THE STAUNCH REALITY BEHIND TERMINATION OF PREGNANCIES IN RURAL INDIA

THE STAUNCH REALITY BEHIND TERMINATION OF PREGNANCIES IN RURAL INDIA

Author:  Alweena Scaria
 3 year Law 
Christ(Deemed to be University)
ABSTRACT
Women have resorted to abortions in the recorded history to get rid of unwanted pregnancies, irrespective of religious and legal sanctions, even at great risk to their own lives. Abortions caused are as old as humanity, and take place in all cultures. Even abortions tend to be clouded worldwide with shame, secrecy and confusion even in the twenty first century. Various indications show as to how abortions are rising amongst teenagers in many parts of the world in spite of the view of the consequences. The era since the 1990s has seen major changes in the field of abortion, including the adoption of new legislative measures, the introduction of new technology and sexual abortion issues 1. Some estimate that while about 51% of teenage pregnancies end in live births, 14% result in miscarriage or still birth and 35% end in induced abortions 2. Additional teenagers may become aware of late pregnancy if the risk of abortion is 3-4 times higher as early as in the gestation period, or it may be too late for abortion.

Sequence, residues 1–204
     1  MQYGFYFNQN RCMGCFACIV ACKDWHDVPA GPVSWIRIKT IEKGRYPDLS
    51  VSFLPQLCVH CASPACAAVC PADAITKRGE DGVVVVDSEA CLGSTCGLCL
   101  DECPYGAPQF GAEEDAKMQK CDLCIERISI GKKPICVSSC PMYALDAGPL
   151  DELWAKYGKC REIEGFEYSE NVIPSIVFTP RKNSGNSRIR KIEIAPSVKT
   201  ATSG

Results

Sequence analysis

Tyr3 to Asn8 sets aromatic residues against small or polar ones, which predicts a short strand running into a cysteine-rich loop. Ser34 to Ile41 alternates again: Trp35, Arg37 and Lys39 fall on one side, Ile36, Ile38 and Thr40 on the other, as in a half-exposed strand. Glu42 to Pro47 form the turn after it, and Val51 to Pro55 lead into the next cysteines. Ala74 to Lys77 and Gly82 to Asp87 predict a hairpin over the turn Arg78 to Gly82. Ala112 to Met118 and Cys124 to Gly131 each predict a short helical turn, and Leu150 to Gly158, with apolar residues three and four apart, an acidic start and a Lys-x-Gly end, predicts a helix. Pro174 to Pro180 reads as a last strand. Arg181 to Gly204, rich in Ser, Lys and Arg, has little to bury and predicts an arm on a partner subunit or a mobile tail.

Keywords: Abortion, teenage pregnancy and adolescent termination, Abortion providers and services, Critical analysis.

INTRODUCTION

Owing to its colonial heritage and nice Britain’s act of outlawing abortions between the years 1869 to 1967, Section 312 of the Indian legal code (IPC) disallowed as associate degree evoked act of miscarriage. However, post-independence things modified considerably. In 1952, Asian nation introduced birth control programme to examine its increasing population. In 1964, the Central commission fashioned a committee- below the leadership of the Health Minister of the state of geographical region, Shri Shantilal Shah, to seem into the necessity to usher in changes to the IPC and introduce alternative required legislation to handle termination of pregnancies purposefully. The committee submitted its report in 1966, that concerned deletion of Section 312 of IPC and also the ought to usher in a special law to handle termination of pregnancies. They cited the changes in nice Britain’s abortion laws to support the necessity for India’s abortion laws to be modified. As a result, associate degree exclusive abortion-related legislation- the Medical Termination of gestation (MTP) Act, 1971, came into being.[1]